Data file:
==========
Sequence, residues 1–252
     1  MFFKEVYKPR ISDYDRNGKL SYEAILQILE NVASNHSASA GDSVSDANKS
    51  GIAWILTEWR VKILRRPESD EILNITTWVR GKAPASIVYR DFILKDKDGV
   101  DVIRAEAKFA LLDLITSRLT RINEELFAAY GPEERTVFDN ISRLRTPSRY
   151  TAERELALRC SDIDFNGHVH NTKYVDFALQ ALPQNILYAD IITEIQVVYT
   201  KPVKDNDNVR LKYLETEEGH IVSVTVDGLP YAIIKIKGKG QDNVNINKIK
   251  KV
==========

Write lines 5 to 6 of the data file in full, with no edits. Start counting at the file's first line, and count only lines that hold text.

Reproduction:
   151  TAERELALRC SDIDFNGHVH NTKYVDFALQ ALPQNILYAD IITEIQVVYT
   201  KPVKDNDNVR LKYLETEEGH IVSVTVDGLP YAIIKIKGKG QDNVNINKIK